Before Italy was unified in the 19th century, made a single country of strong national identity, it existed as a microcosm of many small realms, often containing not much more than a city and its surroundings.
In the 15th century, the early modern period was slowly opening its eyes to a world tired of medieval lords and pointless warfare. Art was flourishing in cities such as Florence, Venice, and Rome. Diplomacy was also gaining strength as a weapon that could achieve more with less if used smartly.
In this environment, an oddity occurred: a small republic emerged owing allegiance to no one and without any organized government infrastructure. No army and no leader, just a creed: Perpetua et firma libertas. Roughly translated from Latin as “Eternal and Firm Liberty,” this was the only law that ever ruled in the Republic of Cospaia―for 385 years.
Now to introduce some of the major players in this complex scheme who accidentally enabled such a country to exist:
First of all, the Pope. Pope Eugene IV was locked in a struggle with the Council of Basel, which opposed his religious and political authority. After years of bribing, spying and waging war against the Council, the Papal States, headed by Pope Eugene, requested a loan from an independent agent, who happens to be the second key figure in this story.
At the time, Cosimo Medici, the patriarch of the famous Medici family, agreed to provide the loan of 25,000 Italian gold florins. Let it not confuse you, this was a large sum for any period, for the coins had 54 grains of fine gold. A single such coin was worth approximately $140 in today’s dollars.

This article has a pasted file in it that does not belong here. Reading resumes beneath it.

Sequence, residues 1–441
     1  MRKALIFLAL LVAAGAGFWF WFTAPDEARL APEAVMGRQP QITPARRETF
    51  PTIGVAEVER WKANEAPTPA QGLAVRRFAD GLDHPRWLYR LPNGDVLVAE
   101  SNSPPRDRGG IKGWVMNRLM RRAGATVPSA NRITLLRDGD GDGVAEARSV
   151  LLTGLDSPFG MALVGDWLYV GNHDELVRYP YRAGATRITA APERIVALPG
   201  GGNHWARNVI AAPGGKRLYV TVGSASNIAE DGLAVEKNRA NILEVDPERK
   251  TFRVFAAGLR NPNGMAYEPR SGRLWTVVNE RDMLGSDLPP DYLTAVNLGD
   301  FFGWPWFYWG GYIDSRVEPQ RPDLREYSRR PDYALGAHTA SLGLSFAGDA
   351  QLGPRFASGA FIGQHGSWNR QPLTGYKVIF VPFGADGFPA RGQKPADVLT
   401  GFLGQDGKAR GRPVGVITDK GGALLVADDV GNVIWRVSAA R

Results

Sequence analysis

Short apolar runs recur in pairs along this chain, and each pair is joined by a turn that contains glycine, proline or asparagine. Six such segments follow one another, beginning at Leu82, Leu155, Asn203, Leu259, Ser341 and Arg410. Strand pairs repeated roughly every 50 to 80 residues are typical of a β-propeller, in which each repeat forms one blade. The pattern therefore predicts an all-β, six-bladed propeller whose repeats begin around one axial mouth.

In order to keep the deal in order, the Pope had to promise a piece of land as a guarantee that he would repay his debt. The land in question was in Umbria, in central Italy. The town of Borgo San Sepolcro and its surroundings, together with its inhabitants, were promised to Cosimo Medici if the Papal State failed to return the loan.
Ten years pass and we reach the year 1441. Pope Eugene IV had just ended his quarrel with the Council of Basel but was unable to afford the loan repayment. He decided to simply give up his territory to the Florentine Duke Medici, in a rather gentlemanly fashion. Representatives were sent from both sides in order to make precise measurements of the land that was to be seceded from the Pope and granted to the Republic of Florence.
The agreement stated that the boundary was to be set on a small river serving as a tributary to the much larger Tiber. What both parties overlooked was that there were, in fact, not one but two tributary rivers that emptied into the great river of Tiber. The Florentine side thought that the river on the left was to be set as a boundary, while the Papal States understood that the agreement meant that the river on the right was to play the role of the border. Between the two tributaries was the small village of Cospaia.
Once the inhabitants of Cospaia learned that they were caught between a treaty gone wrong, they immediately proclaimed a republic, independent from both the Pope and the city of Florence. The newly formed republic introduced its own coat of arms and a flag in black and white, but they formed no real government, apart from a council of elders which was summoned for decision-making and judicial duties.
Cosimo Medici and Pope Eugene IV didn’t seem to mind, as they had bigger issues to discuss. The small republic was useful, after all, for it served as a buffer state between the two rivals.